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Sarah Jane Weaver: The lesson of understanding from a Supreme Court justice and the mother of the defendant she sentenced


Sonia Sotomayor, left, President Obama's choice to replace retiring Justice David Souter, takes the oath from Chief Justice John Roberts to become the Supreme Court's first Hispanic justice and only the third woman in the court's 220-year history, in Washington, Saturday, Aug. 8, 2009. She is joined by her brother, Juan Luis Sotomayor, and her mother Celina Sotomayor. Sotomayor, 55, has been a federal judge for 17 years. The Senate confirmed Sotomayor's nomination Thursday by a 68-31 vote.

J. Scott Applewhite, Associated Press

I recently listened to a November 2018 conversation between United States Supreme Court Justice Sonia Sotomayor and David M. Rubenstein. It was sent to me by a friend.

During the annual David M. Rubenstein Lecture, sponsored by the American Academy of Arts and Sciences, Rubenstein asked Justice Sotomayor — who was confirmed to the Supreme Court on Aug. 6, 2009 — about the Bible she used for her swearing-in ceremony.

Sotomayor spoke of a courtroom interaction that had taken place years earlier, when she was a trial judge.

She recalled sentencing a young member of The Church of Jesus Christ of Latter-day Saints, a process that allowed her to learn a little about the faith. During the sentencing, she mentioned “how impressed she was with many of the tenets and values” of the religion.

In retrospect, Sotomayor said she sentenced the defendant “more harshly” than she might have a few years later. “It was a difficult case for me,” she explained to Rubenstein. (The experience is at 46:50 in the hourlong conversation shared on YouTube.)

After the sentence was handed down and she had moved to her next cases, she received a package in the mail from the defendant’s mother.   

Because the package was unsolicited, it was examined and X-rayed. When the box was finally opened, it contained what Sotomayor referred to as “a Mormon Bible.”

The defendant’s mother had sent it with a note “explaining that I had spoken about their religion and that she thought I should learn more about it. So she had sent me a Bible.”

Bound by a code of conduct, Sotomayor cannot accept gifts, “certainly not from a defendant’s mother.” She thought “about what she could do because sending it back seemed like the wrong thing to do.”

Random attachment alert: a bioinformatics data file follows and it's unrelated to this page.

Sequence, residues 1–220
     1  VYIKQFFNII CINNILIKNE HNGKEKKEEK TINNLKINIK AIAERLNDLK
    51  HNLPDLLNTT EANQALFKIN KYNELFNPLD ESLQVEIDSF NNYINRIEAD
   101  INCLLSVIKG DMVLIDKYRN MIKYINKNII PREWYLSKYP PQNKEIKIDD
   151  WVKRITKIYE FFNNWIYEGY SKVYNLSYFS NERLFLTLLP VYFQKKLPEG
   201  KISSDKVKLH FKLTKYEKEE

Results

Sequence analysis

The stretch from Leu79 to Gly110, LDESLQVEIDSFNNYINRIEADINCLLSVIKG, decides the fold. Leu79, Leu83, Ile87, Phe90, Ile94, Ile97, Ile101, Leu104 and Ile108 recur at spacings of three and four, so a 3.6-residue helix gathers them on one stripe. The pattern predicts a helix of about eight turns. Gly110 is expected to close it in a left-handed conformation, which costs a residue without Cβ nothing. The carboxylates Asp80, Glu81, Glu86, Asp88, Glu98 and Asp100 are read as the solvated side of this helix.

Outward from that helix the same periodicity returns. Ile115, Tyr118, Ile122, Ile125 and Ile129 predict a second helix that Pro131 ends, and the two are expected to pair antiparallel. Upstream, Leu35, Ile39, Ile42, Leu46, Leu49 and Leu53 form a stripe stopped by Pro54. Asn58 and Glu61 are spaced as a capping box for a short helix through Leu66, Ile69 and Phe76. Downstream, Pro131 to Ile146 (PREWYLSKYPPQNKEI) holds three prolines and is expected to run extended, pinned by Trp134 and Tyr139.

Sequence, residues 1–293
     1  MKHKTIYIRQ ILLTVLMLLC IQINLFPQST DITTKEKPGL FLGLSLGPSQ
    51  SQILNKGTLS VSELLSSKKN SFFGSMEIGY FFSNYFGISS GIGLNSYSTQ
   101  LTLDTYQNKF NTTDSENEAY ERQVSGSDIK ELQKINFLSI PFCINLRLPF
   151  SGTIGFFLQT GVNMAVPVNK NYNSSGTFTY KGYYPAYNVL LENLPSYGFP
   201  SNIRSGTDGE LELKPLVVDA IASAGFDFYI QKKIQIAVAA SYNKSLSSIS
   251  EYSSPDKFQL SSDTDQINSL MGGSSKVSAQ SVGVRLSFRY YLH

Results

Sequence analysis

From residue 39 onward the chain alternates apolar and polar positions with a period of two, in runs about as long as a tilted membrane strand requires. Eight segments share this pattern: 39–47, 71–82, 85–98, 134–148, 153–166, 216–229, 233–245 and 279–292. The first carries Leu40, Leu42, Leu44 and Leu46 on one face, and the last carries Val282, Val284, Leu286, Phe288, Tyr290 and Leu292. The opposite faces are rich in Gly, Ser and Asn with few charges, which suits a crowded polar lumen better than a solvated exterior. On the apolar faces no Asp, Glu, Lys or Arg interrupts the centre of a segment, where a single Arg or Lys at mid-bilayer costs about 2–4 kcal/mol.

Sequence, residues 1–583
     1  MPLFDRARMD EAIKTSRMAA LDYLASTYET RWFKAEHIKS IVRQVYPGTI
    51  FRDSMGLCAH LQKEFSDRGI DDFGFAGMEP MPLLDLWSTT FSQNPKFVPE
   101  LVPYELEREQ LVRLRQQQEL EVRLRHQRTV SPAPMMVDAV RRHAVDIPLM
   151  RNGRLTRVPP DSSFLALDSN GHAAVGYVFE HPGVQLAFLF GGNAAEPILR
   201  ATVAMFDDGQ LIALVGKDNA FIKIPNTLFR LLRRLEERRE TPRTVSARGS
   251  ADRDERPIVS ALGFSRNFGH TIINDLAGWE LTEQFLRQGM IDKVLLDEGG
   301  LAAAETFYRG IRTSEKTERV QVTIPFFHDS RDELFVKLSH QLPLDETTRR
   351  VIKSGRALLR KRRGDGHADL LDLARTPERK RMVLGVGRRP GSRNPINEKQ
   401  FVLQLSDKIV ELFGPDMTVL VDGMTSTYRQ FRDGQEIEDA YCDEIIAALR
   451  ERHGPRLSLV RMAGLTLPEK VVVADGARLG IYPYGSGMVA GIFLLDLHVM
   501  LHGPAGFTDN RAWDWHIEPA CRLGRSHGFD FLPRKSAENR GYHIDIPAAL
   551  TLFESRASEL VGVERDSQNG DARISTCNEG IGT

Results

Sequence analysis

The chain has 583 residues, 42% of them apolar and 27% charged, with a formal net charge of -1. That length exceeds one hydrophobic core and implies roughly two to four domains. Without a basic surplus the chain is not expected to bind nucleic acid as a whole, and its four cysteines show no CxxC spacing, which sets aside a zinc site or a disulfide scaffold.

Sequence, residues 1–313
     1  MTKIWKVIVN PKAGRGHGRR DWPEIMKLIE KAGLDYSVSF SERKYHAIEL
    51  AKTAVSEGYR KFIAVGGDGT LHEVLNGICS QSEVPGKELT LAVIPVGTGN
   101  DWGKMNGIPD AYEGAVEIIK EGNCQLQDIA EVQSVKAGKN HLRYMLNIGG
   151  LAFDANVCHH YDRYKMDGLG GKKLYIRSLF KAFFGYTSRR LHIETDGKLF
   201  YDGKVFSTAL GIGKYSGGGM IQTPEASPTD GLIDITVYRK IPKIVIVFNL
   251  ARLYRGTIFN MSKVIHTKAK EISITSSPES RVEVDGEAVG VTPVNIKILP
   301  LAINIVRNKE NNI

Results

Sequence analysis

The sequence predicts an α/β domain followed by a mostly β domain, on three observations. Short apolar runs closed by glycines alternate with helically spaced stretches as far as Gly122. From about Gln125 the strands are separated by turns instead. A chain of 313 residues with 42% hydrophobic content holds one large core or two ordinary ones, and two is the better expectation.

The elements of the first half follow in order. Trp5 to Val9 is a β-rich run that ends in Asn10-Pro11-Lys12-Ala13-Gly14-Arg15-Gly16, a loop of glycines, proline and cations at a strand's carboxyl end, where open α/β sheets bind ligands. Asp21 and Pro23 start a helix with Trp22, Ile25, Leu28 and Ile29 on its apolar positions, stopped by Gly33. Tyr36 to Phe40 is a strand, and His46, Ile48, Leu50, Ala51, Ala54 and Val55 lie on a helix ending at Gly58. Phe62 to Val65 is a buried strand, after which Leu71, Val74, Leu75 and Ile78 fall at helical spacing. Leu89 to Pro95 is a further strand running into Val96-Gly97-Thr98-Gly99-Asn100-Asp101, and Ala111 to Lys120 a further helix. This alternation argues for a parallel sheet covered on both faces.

Ultimately, she learned the value of the Bible from the U.S. Library of Congress, and sent the gift-giver a money order. She thanked the mother for the Bible and explained, “I couldn’t accept the book as a gift, but that I could pay for the book.”

Then she told Rubenstien: “That is the book I used for my swearing in.”

The exchange between the judge and the mother certainly is an example of Sotomayor’s quest for understanding, her laudable commitment to the ethics that govern her profession and her goodness.

It also communicates much about the defendant’s mother, who reached out to a judge after a difficult case. Her sincere gesture rippled through the years, climaxing as Sotomayor took her place as the 111th Supreme Court justice in U.S. history — and the third woman and the first Hispanic to serve on the court.

Sotomayor goes on in the interview to talk about the importance of listening and understanding.

The mother modeled both. She didn’t send a scathing letter to the judge, criticizing her opinion, approach or application of the law. She showed no anger, contempt or rage. Instead she sought common ground.

And in a most profound gesture, the mother, whose son was just sentenced, perhaps “harshly,” offered a treasured truth.

As racial tensions spread like wildfire across the United States in June 2020, President Russell M. Nelson said Church leaders “abhor the reality that some would deny others respect.”

President Nelson wrote that during the Savior’s earthly mission, “He constantly ministered to those who were excluded, marginalized, judged, overlooked, abused and discounted. As His followers, can we do anything less? The answer is no! We believe in freedom, kindness and fairness for all of God’s children!

“Let us be clear. We are brothers and sisters, each of us the child of a loving Father in Heaven. His Son, the Lord Jesus Christ, invites all to come unto Him.”

President Nelson asked all of us to foster fundamental respect for the human dignity of every human soul.

“We need to work tirelessly to build bridges of understanding rather than creating walls of segregation. I plead with us to work together for peace, for mutual respect and for an outpouring of love for all of God’s children.”

We see the smallest example of this as the paths of a judge and a mother crossed in a courtroom.

I do not know if Sotomayor and the defendant’s mother shared political ideologies. I suspect they did not.

I do not know how the mother felt about her son’s sentence. I have to wonder if she felt the judge had found the long-sought balance between justice and mercy.

And I do not know if the paths of these women ever crossed again.

But what I do know is beautiful — and contains a sweet lesson in a world needing more bridges than walls. A judge sought understanding and a mother responded with grace. Years after their brief interaction, the judge laid her hand on the mother’s Bible and swore an oath to God as she took her place on the United States’ highest court.

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